WHEN’S THE LAST TIME YOU USED A CHECK­LIST?

Scuba Diver Australasia - - Perspectives -

As new divers, we were all in­tro­duced to check­lists. We learnt the im­por­tance of pre-dive checks (for our BCD, weights, re­leases, air) and what to in­clude when pack­ing gear pre-dive.

Those who trained to be tek divers are fully aware of the re­liance on check­lists to en­sure equip­ment is func­tion­ing cor­rectly so that the planned dive can be com­pleted safely and prob­lem-free.

Then, those who be­came div­ing pro­fes­sion­als moved on to check­lists for items to be in­cluded in dive brief­ings and emer­gency pro­ce­dures.

Check­lists are a great tool for en­sur­ing all items for a spe­cific task are com­pleted; but how many divers (apart from re­breather divers) still use them?

When was the last time you saw a buddy pair go through a full pre-dive check when pre­par­ing to en­ter the wa­ter? When was the last time you and your buddy com­pleted one?

Most divers start off us­ing the check­lists, but as they get more fa­mil­iar and com­fort­able in their abil­i­ties they be­come com­pla­cent, and this can lead to im­por­tant items, and safety pro­ce­dures, be­ing over­looked. If we are hon­est, at some stage we have all been guilty of this, but check­lists are sim­ple and do serve a pur­pose: to en­sure we en­joy our dive and re­turn safely. Check­lists play an im­por­tant role at all lev­els of div­ing:

- New divers can rely on them to avoid jump­ing into the wa­ter with­out putting on their fins or turn­ing on cylin­ders.

- More ex­pe­ri­enced divers can use them to avoid er­rors of fa­mil­iar­ity (i.e., those er­rors that oc­cur be­cause you have done a task so many times that your brain turns off while do­ing it). I know I have for­got­ten to put on my weight­belt more of­ten as an ex­pe­ri­enced diver than I ever did as a begin­ner.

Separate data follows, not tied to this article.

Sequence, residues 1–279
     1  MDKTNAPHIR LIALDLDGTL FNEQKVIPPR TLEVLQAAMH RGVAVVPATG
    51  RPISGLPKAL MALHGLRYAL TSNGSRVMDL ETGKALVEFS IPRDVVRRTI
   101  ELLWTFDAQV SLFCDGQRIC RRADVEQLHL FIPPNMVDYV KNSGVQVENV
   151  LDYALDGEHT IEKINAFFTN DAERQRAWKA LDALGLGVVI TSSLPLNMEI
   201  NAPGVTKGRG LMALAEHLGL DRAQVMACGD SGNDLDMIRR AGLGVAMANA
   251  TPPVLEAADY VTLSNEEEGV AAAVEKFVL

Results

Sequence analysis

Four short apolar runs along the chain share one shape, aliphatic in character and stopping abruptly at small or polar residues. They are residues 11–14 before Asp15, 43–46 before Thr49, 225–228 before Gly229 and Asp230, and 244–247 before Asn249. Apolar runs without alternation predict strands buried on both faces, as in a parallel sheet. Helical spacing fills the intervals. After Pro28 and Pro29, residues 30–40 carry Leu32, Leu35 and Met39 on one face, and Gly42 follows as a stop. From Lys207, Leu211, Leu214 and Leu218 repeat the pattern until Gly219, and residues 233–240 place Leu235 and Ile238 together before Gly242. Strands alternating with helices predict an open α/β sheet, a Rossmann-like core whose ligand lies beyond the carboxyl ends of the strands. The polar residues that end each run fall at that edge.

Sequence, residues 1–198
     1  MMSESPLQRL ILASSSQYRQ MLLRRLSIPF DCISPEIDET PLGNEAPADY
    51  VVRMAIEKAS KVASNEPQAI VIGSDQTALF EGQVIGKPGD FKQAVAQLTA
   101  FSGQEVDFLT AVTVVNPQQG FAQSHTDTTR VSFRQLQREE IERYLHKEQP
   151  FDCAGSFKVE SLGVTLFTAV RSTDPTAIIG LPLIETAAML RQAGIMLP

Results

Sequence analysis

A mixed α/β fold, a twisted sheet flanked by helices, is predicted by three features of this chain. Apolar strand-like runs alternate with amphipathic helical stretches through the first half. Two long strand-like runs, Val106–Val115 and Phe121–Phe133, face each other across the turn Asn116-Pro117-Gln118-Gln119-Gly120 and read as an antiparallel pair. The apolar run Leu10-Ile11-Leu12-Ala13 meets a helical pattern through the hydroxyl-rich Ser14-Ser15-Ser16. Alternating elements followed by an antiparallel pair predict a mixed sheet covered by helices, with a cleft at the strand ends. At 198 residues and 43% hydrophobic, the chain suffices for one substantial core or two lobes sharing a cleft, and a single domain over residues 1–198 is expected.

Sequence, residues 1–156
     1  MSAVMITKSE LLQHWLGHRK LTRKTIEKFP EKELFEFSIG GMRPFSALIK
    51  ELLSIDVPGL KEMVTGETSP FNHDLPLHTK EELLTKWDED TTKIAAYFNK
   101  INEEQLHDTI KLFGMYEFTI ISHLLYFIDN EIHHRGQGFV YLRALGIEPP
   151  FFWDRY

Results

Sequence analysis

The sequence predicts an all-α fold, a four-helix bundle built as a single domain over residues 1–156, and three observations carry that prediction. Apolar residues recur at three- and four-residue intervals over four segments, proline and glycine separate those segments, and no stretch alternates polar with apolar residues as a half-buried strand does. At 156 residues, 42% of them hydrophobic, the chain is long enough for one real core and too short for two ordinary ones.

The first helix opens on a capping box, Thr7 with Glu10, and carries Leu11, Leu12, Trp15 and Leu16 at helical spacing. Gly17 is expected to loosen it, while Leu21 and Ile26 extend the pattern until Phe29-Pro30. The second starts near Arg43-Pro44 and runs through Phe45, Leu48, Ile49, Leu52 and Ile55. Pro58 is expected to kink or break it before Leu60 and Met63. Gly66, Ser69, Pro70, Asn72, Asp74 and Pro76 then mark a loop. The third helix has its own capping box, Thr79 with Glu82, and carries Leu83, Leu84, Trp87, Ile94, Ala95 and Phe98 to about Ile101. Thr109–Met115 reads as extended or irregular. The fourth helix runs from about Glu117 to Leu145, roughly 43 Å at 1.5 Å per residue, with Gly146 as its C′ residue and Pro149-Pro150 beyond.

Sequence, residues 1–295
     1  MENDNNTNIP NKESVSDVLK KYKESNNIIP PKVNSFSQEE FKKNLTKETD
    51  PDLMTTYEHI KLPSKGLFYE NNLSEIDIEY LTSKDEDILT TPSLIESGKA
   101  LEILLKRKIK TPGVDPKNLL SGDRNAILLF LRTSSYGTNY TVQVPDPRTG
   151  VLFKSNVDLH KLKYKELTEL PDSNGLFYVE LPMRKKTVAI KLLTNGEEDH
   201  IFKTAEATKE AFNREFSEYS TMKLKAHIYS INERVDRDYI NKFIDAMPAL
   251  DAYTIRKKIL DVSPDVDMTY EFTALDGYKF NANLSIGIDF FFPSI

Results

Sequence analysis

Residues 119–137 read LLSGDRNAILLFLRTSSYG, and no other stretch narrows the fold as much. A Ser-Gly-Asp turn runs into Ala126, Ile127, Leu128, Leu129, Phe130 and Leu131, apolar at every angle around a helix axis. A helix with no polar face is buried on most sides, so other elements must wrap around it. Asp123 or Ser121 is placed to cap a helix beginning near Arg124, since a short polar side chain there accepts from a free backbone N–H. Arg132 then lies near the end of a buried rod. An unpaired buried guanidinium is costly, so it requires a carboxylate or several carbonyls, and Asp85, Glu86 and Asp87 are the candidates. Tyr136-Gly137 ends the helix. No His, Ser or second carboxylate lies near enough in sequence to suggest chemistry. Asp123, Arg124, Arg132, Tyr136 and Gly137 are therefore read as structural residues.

- Dive lead­ers should fol­low a check­list to en­sure all re­quired el­e­ments are in­cluded in their dive brief­ings. Dive brief­ings are an im­por­tant safety com­po­nent of ev­ery dive, par­tic­u­larly for divers in new lo­ca­tions or where new skills are to be utilised. These brief­ings should, at a min­i­mum, in­clude the fol­low­ing:

1) Dive site name and de­scrip­tion - points of in­ter­est, haz­ards, depths, cur­rents and fa­cil­i­ties.

2) The role the Dive Leader will play – sur­face sup­port, in-wa­ter as­sis­tance, and how to recog­nise him or her.

3) En­try/Exit – any spe­cific pro­ce­dures to be

fol­lowed.

4) Dive pro­ce­dures – how the dive should be con­ducted, di­rec­tion to head, course to fol­low, pro­ce­dures for deal­ing with spe­cific lo­cal haz­ards or con­di­tions, safety stops, and depth and time lim­its.

5) Emer­gency pro­ce­dures – method for re­call­ing divers, what to do if re­called, diver sep­a­ra­tion, low on air, sur­face sig­nalling, lo­ca­tion of emer­gency equip­ment and who is trained to use it.

6) Sig­nal re­view – sig­nalling is mostly univer­sal but there are re­gional vari­a­tions to some of the sig­nals used for things such as air re­main­ing and for iden­ti­fy­ing spe­cific prob­lems.

7) Buddy group­ings and tasks each team will

be per­form­ing.

8) Pre-dive safety check be­tween buddy pairs. 9) The need to no­tify the dive su­per­vi­sor if

un­well post-dive.

If your dive leader doesn’t cover all these items, you may be en­ter­ing the wa­ter un­der­pre­pared and ill-equipped to han­dle the con­di­tions of the dive or an emer­gency sit­u­a­tion.

Re­mem­ber, check­lists are im­por­tant at all lev­els of div­ing and ex­pe­ri­ence, and should be con­sid­ered an es­sen­tial safety tool.

Dive safely,

Scott Jamieson,

DAN AP Gen­eral Man­ager

Part of the DAN Asia-Pa­cific team. From left: Mel, Cyn­thia, Julie, John, Heidi, Scott, Haili, Anny, Adam, Sim

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